Can we do this? We already have.

How does one actually turn everything I’ve been saying into a course that can be taught? We already have examples of this working, whether in the performance/competency based models found in medical schools around the world or whether in mastery learning based approaches where do not measure anything except whether a student has demonstrated sufficient knowledge or skill to show an appropriate level of mastery.

An absence of grades, or student control over their grades, is not as uncommon as many people think. MIT in the United States give students their entire first semester with no grades more specific than pass or fail. This is a deliberate decision to ease the transition of students who have gone from being leaders at their own schools to the compressed scale of MIT. Why compressed? If we were to assess all school students then we would need a scale that could measure all levels of ability, from ‘not making any progress at school’ to ‘transcendent’. The tertiary entry band is somewhere between ‘passing school studies’ to ‘transcendent’ and, depending upon the college that you enter, can shift higher and higher as your target institution becomes more exclusive. If you look at the MIT entry requirements, they are a little coy for ‘per student’ adjustments, but when the 75th percentile for the SAT components is 800, 790, 790, and 800,800,800 would be perfect, we can see that any arguments on how demotivating simple pass/fail grades must be for excellent students have not just withered, they have caught fire and the ash has blown away. When the target is MIT, it appears the freshmen get their head around a system that is even simpler than Rapaport’s.


Pictured: A highly prestigious University with some of the most stringent entry requirements in the world, which uses no grades in first semester.

Other universities, such as Brown, deliberately allow students to choose how their marks are presented, as they wish to deemphasise the numbers in order to focus on education. It is not a cakewalk to get into Brown, as these figures attest, and yet Brown have made a clear statement that they have changed their grading system in order to change student behaviour – and the world is just going to have to deal with that. It doesn’t seem to be hurting their graduates, from quotes on the website such as “Our 85% admission rate to medical school and 89% admission rate to law school are both far above the national average.

And, returning to medical schools themselves, my own University runs a medical program where the usual guidelines for grading do not hold. The medical school is running on a performance/competency scheme, where students who wish to practise medicine must demonstrate that they are knowledgable, skilful and safe to practice. Medical schools have identified the core problem in my thought experiment where two students could have the opposite set of knowledge or skills and they have come to the same logical conclusion: decide what is important and set up a scheme that works for it.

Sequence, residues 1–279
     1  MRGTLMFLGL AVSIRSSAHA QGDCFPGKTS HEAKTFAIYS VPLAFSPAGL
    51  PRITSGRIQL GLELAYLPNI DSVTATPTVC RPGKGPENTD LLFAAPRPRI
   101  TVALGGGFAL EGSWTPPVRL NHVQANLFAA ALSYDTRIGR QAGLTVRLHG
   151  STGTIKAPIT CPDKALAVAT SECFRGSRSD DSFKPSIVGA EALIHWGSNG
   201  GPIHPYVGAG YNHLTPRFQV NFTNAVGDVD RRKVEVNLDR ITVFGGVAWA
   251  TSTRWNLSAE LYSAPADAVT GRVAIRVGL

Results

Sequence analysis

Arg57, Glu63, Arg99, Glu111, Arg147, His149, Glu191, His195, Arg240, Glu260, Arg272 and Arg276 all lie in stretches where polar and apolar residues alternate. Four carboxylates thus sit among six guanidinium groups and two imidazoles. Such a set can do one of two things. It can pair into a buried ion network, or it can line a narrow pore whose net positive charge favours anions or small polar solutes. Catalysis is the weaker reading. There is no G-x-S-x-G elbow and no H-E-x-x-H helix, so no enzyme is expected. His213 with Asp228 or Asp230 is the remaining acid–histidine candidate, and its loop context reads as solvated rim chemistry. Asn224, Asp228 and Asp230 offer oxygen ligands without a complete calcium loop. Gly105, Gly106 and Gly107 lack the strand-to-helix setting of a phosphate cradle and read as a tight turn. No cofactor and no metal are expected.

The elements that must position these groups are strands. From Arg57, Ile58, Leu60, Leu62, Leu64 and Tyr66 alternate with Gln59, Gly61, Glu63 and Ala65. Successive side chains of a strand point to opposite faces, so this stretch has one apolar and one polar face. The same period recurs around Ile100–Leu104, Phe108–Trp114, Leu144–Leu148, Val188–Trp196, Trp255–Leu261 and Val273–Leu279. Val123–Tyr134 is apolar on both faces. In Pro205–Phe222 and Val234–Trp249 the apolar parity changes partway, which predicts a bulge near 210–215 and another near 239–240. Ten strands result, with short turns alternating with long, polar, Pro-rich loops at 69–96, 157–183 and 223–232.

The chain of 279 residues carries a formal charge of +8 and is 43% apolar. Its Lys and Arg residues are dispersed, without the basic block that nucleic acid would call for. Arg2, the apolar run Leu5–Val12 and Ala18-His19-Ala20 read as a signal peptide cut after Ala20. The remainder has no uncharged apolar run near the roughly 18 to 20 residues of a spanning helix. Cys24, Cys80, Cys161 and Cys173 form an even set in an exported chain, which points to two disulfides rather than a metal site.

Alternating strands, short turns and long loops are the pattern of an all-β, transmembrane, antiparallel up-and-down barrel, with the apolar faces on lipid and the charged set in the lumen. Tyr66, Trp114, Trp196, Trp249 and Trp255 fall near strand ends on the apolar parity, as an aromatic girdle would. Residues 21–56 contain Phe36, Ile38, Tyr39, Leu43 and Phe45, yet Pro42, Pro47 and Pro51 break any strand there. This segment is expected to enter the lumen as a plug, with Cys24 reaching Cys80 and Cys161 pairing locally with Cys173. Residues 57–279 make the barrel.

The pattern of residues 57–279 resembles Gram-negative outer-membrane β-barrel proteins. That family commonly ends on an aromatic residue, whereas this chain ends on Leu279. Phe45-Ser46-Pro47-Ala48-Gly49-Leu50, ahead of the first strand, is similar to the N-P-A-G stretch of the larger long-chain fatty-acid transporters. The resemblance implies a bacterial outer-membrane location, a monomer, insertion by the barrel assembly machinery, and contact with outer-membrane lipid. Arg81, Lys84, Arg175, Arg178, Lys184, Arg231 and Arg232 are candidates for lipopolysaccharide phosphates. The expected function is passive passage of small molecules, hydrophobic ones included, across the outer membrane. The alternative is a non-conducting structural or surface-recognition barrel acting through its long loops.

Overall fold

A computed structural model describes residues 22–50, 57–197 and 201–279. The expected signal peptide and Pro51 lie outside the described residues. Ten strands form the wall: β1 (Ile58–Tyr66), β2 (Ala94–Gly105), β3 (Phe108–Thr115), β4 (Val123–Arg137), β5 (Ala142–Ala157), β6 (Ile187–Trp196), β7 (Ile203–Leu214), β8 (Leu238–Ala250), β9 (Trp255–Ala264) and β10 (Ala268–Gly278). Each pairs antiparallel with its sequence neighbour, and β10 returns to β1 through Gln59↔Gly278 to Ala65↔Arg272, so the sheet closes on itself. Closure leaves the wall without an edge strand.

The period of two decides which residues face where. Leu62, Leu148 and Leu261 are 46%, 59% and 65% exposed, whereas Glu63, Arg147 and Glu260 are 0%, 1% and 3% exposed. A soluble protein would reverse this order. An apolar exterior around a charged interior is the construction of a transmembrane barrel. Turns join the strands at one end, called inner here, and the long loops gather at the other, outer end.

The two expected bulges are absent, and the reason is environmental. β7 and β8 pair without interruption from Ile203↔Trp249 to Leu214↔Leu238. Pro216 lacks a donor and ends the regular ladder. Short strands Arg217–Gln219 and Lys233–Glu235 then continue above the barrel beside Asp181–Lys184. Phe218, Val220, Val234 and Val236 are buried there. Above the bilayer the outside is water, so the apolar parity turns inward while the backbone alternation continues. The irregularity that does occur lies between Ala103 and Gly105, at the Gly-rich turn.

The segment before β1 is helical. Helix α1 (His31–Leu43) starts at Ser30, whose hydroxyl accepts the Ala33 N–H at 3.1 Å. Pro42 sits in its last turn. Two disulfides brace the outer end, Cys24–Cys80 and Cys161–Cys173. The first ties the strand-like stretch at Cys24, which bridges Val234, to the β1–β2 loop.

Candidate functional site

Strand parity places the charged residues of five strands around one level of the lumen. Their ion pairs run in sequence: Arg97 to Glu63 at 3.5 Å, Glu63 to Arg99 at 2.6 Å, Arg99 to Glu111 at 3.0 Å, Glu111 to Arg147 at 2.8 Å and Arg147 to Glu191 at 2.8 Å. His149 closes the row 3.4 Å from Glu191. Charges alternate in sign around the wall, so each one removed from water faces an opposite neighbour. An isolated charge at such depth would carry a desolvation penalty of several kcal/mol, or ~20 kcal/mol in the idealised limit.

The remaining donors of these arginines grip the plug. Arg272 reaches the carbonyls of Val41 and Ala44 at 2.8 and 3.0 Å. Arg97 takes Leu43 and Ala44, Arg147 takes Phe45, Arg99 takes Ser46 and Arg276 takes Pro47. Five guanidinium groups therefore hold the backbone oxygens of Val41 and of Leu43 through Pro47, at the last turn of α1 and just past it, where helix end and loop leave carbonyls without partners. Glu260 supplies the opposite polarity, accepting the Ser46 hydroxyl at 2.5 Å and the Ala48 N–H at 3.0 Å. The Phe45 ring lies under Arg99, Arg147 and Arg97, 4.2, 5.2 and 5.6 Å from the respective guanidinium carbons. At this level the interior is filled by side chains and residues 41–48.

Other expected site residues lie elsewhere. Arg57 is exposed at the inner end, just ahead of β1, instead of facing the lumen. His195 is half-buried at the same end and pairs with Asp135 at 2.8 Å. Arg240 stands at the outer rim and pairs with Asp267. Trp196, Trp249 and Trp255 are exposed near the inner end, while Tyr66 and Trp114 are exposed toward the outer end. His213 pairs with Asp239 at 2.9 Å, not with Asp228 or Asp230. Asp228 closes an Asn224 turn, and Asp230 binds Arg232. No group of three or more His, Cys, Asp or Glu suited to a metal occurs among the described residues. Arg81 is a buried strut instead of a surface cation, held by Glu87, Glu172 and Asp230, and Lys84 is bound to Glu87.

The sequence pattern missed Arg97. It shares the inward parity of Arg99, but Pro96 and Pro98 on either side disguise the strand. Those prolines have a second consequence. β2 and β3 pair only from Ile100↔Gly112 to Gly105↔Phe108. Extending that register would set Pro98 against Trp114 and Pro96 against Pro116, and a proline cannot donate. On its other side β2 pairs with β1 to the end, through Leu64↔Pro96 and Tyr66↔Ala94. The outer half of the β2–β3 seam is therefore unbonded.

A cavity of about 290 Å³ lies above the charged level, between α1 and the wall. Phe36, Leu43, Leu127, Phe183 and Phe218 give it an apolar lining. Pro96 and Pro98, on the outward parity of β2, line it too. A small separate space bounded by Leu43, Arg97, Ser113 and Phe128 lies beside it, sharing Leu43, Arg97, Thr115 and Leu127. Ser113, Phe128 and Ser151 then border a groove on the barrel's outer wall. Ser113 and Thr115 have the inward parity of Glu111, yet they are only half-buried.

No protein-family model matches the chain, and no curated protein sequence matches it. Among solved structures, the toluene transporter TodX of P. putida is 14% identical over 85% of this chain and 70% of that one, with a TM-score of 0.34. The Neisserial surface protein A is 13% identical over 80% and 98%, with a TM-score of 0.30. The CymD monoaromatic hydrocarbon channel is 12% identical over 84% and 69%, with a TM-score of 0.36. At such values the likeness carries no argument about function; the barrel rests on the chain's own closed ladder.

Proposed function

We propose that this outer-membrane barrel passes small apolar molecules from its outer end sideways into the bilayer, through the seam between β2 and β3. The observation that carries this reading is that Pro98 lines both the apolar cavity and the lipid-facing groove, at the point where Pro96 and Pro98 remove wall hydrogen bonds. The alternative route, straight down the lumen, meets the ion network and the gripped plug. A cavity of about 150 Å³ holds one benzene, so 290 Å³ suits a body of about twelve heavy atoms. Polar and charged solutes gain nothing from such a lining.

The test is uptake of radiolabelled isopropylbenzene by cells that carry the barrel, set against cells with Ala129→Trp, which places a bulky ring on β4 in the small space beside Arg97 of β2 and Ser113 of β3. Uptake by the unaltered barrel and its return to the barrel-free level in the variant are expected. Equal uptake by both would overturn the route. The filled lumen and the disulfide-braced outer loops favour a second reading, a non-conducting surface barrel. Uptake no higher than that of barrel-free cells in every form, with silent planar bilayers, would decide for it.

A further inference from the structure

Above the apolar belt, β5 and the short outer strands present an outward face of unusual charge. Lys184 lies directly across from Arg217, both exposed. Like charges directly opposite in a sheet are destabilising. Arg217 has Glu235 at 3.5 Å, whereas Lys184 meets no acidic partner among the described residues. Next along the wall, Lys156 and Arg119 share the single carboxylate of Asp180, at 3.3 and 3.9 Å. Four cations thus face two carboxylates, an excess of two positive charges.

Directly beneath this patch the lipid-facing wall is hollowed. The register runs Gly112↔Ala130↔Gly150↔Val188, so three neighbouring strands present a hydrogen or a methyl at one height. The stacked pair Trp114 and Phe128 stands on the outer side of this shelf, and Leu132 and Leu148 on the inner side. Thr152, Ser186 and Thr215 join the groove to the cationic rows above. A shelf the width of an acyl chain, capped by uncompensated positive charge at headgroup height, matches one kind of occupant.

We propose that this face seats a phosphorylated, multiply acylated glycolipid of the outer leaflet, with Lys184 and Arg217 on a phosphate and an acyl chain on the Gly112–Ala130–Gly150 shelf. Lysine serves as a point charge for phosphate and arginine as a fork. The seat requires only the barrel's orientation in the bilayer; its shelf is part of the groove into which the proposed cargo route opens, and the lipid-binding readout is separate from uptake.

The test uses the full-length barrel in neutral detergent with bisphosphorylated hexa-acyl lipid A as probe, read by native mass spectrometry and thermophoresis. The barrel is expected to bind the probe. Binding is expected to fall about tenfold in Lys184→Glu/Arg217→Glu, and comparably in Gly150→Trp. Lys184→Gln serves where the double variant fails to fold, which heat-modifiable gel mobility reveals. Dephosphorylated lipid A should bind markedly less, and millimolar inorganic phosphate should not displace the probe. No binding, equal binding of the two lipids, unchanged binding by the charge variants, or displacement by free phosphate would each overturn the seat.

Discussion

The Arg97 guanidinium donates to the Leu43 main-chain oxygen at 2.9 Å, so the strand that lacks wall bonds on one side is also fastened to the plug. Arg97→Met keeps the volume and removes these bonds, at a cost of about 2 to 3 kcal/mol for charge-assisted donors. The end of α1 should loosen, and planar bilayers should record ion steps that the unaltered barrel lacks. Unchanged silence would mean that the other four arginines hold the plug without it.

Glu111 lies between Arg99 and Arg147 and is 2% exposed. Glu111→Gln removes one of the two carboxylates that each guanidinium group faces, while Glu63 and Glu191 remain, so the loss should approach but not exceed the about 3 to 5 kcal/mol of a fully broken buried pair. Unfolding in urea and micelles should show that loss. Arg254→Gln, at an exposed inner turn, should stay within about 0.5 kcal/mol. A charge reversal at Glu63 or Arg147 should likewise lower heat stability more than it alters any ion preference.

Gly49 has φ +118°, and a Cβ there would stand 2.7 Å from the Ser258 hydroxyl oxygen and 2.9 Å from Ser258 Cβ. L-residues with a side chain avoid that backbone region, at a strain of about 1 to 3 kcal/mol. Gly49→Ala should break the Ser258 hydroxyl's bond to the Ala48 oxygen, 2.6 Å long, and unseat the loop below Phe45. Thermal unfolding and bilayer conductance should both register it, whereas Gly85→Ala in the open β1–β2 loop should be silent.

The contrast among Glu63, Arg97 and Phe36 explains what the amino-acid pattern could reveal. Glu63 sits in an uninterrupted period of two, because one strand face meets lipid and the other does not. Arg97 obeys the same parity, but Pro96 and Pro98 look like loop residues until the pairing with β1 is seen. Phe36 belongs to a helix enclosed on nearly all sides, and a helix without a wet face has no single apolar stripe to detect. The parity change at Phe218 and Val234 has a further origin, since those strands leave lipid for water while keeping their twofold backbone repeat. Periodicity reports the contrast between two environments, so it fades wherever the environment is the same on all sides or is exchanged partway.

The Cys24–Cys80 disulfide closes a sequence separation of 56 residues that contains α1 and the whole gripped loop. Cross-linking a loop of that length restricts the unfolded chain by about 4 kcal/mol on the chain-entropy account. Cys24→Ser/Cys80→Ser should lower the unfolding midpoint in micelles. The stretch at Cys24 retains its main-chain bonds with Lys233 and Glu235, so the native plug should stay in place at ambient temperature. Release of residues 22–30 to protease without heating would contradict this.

When I was a solider, I was responsible for much of the Officer Training in my home state for the Reserve. We had any number of things to report on for our candidates, across knowledge and skills, but one of them was “Demonstrate the qualities of an officer” and this single item could fail an otherwise suitable candidate. If a candidate could not be trusted to one day be in command of troops on the battlefield, based on problems we saw in peacetime, then they would be counselled to see if it could be addressed and, if not, let go. (I can assure you that this was not used often and it required a large number of observations and discussion before we would pull that handle. The power of such a thing forced us to be responsible.)

We know that limited scale, mastery-based approaches are not just working in the vocational sector but in allied sectors (such as the military), in the Ivy league (Brown) and in highly prestigious non-Ivy league institutions such as MIT. But we also know of examples such as Harvey Mudd, who proudly state that only seven students since 1955 have earned a 4.0 GPA and have a post on the career blog devoted to “explaining why your GPA is so low” And, be in no doubt, Harvey Mudd is an excellent school, especially for my discipline. I’m not criticising their program, I’ve only heard great things about them, but when you have to put up a page like that? You’re admitting that there’s a problem but you are pushing it on to the student to fix it. But contrast that with Brown, who say to employers “look at our students, not their grades” (at least on the website).

Feedback to the students on their progress is essential. Being able to see what your students are up to is essential for the teacher. Being able to see what your staff and schools are doing is important for the University. Employers want to know who to hire. Which of these is the most important?

The students. It has to be the students. Doesn’t it? (Arguments for the existence of Universities as a self-sustaining bureaucracy system in the comments, if you think that’s a thing you want to do.)

This is not an easy problem but, as we can see, we have pieces of the solution all over the place. Tomorrow, I’m going to put in a place a cornerstone of beautiful assessment that I haven’t seen provided elsewhere or explained in this way. (Then all of you can tell me which papers I should have read to get it from, I can publish the citation, and we can all go forward.)


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